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Right to Voice: Promoting media freedom of expression in Nepal

This project provided journalists in Nepal with forums where they could discuss the causes of self-censorship with authorities, and together generate ideas for improving freedom of expression.

Through systematically documenting attacks and threats made towards journalists, it enables human rights defenders to hold perpetrators to account for their actions.

The project also advocated for a more inclusive media sector in Nepal, which doesn’t ignore the voices of marginalised communities. This is important because the media in Nepal is mostly controlled and operated by elites, who often don’t understand the interests or concerns of these communities.

By promoting these excluded voices and reducing threats facing journalists, the project aimed to contribute to greater media freedom of expression and pluralism in Nepal.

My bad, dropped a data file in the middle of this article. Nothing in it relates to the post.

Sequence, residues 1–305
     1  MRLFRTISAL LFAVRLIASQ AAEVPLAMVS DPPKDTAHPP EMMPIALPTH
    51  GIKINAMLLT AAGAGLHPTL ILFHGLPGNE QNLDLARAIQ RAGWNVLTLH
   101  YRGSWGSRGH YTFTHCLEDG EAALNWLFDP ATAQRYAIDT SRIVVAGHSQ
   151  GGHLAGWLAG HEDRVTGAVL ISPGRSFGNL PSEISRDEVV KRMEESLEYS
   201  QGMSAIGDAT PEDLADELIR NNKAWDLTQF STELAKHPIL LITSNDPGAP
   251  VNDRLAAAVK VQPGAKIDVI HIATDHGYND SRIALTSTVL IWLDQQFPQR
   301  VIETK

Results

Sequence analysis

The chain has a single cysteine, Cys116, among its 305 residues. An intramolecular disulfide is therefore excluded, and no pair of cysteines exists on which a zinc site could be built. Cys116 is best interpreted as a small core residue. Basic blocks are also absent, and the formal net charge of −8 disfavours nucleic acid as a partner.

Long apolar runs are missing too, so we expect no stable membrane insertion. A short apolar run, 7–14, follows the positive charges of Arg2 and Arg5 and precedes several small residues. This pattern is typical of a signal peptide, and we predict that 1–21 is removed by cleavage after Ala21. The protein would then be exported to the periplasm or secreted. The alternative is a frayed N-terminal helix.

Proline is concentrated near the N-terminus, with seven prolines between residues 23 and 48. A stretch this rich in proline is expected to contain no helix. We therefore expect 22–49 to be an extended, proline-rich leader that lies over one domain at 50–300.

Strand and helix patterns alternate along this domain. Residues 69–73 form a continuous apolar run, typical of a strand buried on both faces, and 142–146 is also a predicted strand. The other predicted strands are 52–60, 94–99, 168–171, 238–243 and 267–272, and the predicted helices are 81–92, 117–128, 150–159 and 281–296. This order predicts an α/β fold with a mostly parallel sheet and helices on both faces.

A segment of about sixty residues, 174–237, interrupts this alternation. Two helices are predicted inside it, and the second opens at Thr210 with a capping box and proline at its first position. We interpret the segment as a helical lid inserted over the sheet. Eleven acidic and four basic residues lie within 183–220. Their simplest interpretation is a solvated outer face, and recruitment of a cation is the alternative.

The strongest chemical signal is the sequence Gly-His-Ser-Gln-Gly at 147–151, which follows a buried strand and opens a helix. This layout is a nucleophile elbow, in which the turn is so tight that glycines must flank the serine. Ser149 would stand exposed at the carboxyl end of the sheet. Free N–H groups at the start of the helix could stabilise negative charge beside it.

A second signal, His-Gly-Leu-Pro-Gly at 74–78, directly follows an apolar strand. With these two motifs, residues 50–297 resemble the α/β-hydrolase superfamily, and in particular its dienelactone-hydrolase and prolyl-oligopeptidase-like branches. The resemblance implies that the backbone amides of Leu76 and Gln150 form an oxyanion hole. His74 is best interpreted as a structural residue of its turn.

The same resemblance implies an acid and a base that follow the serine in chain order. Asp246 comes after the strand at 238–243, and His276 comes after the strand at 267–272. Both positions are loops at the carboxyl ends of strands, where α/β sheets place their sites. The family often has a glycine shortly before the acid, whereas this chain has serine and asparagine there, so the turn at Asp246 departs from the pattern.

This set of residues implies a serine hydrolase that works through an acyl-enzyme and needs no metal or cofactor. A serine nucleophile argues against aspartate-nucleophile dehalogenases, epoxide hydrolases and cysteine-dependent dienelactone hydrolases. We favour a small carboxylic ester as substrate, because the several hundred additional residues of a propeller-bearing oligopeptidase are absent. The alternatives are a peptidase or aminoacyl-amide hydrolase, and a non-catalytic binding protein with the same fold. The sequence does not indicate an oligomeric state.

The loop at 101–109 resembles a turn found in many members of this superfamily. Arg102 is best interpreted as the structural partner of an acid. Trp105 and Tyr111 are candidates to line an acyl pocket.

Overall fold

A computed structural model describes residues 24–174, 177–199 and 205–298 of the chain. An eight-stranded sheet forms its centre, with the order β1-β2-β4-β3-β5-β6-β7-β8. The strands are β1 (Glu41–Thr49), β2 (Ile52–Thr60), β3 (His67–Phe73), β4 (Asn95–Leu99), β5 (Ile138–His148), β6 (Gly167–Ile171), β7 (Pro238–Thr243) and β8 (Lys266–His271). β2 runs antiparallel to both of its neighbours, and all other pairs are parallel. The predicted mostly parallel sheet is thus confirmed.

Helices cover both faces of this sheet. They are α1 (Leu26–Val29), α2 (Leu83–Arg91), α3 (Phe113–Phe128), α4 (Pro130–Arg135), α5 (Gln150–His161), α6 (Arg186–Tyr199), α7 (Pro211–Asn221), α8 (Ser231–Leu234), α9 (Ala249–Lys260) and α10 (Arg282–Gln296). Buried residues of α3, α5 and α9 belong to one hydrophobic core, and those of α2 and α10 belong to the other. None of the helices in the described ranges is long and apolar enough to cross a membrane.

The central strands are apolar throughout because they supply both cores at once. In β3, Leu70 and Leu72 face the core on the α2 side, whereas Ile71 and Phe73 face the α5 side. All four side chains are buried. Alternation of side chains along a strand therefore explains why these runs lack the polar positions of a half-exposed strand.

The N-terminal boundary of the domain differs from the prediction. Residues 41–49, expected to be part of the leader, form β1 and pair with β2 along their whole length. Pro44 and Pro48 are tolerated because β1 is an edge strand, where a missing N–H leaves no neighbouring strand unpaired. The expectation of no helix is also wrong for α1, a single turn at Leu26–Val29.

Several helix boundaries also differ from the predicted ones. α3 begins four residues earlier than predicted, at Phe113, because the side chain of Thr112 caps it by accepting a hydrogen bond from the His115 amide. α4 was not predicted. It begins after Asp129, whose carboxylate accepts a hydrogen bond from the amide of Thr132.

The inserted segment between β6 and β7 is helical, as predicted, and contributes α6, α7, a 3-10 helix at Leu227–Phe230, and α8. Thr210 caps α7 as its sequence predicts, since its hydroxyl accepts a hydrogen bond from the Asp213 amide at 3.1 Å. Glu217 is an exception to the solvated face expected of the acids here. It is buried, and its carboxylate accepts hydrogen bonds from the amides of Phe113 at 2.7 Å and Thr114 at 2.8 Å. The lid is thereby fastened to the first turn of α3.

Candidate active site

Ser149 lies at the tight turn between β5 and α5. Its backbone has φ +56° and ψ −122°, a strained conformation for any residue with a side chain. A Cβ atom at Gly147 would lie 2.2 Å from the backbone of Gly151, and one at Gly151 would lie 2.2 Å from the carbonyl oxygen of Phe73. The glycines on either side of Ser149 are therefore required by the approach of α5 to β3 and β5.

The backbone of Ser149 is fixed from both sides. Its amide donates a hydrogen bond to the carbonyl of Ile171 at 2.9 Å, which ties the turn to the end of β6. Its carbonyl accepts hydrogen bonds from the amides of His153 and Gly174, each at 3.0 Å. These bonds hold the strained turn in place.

The project was successful in establishing six Free Media Networks (FMNs) in project districts and in training over 155 FMN members. Changes related to these activities included an improved relationship and cooperation among stakeholders, strengthened information flow and changes in perception. Activities have also contributed positively to strengthening the capacity of journalists to document media right violations to hold perpetrators accountable. The project was designed in close cooperation with the Federation of Nepali Journalists (FNJ), and FNJ was responsible for implementing it to a large extent. This guaranteed ownership of the project with the local partnerprovidedmore chances of sustainability in the long run. More importantly, local ownership among FMN members ensures the sustainability of the platforms and project impact.

A highlight of the project was that the FMNs contributed to cohesiveness and increased accountability, which contributed more to freedom of expression than the reduction of threats (which the project might have contributed to but is more likely a consequence of the changing security and governance environment). For instance, journalists and other stakeholders feel more unified and stronger together, which had an impact on self-censorship. However, these positive tendencies were negatively affected by the new policies targeting media. As a result of these new policies, self-censorship is at risk of increasing again.

Find out about our new 'Safe media' project to see how we are building on the 'Right to Voice' project HERE.

This project ran from January 2016 to July 2018.